Of course the Keltoi are not to be disregarded either; Gallia is claimed by them and as a people they have spread across much of Europa, displacing or dominating the local peoples whenever they have come into contact with them. This is very much a game about that meeting of Greek  and Celtic cultures, with Massalia the nexus of that interchange.

Just a brief note on historical games, my approach is largely going to be one of using history in the gaps; we have few surviving sources on the period in general, and fewer still on our specific location, so at best they’re going to be suggestive of the broad swathes of what was going on. Where I’ve got any hint of things happening, I’ll try to use them insofar as they don’t interact with what the PCs are doing. On the other hand, if the PCs take a hand in those events, they change if it makes sense for things to come out differently. History is the grounding in which everything happens, and an inspiration providing some motive force, but it is not a straightjacket determining how things will out regardless of what happens in the game.

 

The player characters

So on to the PCs themselves. Ironically, for a game ostensibly about Greek culture, there’s only one Hellene, and even then he’s a Macedonian. That’s getting ahead of ourselves, though. The critical thing I wanted to avoid here was the sort of connotation that is often carried in historical games – that you can only have games about nobodies who die prematurely of impacted molars, disease, accident and war. This was an age of colourful characters and to play a game which ignored that would do the period a great disservice.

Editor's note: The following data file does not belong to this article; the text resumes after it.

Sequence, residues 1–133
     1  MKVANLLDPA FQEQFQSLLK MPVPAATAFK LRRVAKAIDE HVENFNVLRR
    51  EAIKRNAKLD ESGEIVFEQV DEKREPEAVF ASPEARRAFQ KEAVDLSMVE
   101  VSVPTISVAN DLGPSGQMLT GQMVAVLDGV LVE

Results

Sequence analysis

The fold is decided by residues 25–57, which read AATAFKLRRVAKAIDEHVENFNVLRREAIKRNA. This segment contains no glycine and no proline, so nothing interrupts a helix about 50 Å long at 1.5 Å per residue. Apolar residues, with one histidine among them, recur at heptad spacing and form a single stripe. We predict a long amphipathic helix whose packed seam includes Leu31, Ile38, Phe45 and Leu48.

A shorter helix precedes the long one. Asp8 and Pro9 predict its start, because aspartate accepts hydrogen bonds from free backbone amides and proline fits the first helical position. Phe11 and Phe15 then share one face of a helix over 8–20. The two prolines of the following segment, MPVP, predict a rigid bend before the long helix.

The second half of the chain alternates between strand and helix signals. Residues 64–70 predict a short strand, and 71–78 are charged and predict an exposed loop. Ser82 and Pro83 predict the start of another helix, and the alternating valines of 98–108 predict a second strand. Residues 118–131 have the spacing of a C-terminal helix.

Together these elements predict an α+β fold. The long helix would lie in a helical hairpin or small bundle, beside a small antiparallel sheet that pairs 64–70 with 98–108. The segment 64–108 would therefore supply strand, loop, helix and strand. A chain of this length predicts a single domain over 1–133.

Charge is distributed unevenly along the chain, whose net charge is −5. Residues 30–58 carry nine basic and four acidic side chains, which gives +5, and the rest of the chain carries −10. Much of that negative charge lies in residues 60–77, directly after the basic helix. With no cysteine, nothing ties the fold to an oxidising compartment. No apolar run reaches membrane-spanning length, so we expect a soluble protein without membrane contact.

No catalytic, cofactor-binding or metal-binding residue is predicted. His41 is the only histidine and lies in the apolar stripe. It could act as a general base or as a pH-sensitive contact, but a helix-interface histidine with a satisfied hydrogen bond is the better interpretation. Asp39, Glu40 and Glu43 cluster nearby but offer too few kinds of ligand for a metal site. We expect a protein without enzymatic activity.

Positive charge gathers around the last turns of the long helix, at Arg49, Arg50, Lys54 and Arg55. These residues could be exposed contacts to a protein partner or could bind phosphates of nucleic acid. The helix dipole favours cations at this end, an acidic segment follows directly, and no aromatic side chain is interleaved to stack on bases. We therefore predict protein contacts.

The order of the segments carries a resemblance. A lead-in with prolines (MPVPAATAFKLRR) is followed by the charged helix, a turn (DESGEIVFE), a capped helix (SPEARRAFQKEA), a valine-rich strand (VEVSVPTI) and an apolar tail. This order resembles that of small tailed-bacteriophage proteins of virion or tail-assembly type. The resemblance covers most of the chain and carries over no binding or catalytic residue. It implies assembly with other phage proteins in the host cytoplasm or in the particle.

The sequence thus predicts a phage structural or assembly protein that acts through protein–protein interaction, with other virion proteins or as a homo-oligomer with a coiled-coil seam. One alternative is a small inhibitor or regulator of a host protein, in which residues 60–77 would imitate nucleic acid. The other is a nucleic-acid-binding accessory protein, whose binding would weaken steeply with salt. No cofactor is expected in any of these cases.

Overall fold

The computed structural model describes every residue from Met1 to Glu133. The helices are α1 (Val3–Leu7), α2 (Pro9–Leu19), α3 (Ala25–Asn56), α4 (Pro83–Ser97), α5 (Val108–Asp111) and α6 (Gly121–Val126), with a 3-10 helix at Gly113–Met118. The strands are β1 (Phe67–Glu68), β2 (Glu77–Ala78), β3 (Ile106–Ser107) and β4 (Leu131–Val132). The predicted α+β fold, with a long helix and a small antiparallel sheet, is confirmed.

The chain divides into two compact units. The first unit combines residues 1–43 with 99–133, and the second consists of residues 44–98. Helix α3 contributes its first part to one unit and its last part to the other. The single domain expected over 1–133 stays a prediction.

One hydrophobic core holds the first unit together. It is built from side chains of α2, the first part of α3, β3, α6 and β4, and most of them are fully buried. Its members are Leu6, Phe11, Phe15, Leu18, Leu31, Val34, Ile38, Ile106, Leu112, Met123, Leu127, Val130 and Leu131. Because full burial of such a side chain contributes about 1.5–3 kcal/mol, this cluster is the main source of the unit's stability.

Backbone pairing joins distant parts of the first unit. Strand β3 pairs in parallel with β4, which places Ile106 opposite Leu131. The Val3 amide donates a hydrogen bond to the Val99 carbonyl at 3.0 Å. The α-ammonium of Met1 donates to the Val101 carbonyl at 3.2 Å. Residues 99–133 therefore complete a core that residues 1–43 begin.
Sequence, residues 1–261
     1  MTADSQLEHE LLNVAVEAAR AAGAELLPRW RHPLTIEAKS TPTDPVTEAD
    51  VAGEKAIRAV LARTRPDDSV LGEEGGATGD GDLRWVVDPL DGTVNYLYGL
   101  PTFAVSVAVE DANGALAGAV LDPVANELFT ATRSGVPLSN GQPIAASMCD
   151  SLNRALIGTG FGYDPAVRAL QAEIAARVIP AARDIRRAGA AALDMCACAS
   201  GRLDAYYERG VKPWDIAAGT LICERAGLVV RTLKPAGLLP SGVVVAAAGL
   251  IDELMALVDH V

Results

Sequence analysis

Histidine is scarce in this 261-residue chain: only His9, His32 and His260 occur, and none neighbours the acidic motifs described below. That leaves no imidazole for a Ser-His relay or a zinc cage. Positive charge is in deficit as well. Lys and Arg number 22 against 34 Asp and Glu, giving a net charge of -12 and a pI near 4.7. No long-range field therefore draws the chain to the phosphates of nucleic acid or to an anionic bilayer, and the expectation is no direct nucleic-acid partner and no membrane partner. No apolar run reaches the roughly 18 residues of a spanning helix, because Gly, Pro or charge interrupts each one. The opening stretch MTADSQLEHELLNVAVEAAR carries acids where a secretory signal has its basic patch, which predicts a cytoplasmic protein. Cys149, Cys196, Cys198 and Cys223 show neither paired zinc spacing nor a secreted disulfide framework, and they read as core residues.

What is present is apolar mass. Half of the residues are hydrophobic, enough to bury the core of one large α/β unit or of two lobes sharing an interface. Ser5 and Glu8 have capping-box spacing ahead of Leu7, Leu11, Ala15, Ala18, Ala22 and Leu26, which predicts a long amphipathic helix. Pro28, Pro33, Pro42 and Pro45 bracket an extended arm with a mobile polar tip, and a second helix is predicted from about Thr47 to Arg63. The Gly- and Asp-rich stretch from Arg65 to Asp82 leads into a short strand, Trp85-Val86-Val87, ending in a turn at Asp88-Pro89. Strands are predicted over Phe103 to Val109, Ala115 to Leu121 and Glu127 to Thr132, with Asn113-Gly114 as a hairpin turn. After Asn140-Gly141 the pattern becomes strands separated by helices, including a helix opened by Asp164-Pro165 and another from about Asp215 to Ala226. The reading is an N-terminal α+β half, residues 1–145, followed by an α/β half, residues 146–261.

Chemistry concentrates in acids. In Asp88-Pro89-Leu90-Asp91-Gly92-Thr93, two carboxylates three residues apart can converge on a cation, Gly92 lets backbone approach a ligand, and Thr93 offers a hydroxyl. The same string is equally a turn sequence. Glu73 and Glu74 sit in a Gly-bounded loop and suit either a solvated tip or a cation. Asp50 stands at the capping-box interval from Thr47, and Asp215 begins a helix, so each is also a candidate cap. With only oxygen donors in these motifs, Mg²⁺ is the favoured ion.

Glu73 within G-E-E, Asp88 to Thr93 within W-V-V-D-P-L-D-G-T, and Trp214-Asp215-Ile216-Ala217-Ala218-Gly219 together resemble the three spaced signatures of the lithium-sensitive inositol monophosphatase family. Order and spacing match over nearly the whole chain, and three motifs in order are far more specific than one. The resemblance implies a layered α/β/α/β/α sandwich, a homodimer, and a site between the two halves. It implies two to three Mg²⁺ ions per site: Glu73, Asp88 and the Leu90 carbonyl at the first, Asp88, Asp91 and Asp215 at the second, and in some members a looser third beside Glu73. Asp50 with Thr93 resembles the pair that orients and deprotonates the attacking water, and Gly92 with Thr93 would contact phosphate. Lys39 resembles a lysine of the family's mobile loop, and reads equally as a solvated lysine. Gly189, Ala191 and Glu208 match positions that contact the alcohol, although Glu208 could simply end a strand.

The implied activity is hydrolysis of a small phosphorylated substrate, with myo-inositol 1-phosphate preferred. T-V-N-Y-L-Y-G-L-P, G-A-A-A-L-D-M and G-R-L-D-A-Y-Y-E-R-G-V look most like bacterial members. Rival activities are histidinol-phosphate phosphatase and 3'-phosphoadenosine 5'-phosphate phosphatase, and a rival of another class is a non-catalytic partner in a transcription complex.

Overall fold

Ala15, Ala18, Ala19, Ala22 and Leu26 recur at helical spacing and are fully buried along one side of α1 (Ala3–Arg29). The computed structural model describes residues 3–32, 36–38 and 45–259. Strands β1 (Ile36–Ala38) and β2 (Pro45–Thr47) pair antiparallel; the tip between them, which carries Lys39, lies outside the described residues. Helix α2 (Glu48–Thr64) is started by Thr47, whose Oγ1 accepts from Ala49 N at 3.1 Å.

So from the beginning it was clear in my mind that we would have larger-than-life heroes, capable people who had already established themselves with a reputation, and critically their own retinue of followers. Without bodyguards, attendants, agents and other hangers-on, they would not be taken seriously by the people who matter in the world, invariably aristocrats with landed interests.

Four PCs wandering around unattended in the classic RPG mould would be taken to be vagabonds or some other sort of undesirable. Having their own people around them makes them leaders and people of significance. It gives a little bit of cushioning against the potential lethality of a world without any real magic whatsoever. Both because there can be bodies between the PCs and danger, but also because there are “backup characters” who are already established who might take up the PC mantle should anything untoward happen to the any of the main four. It also opens the possibility of some troupe-style play, where certain situations might call for a player to use one of their main character’s retinue for a scenario where they might be more appropriate.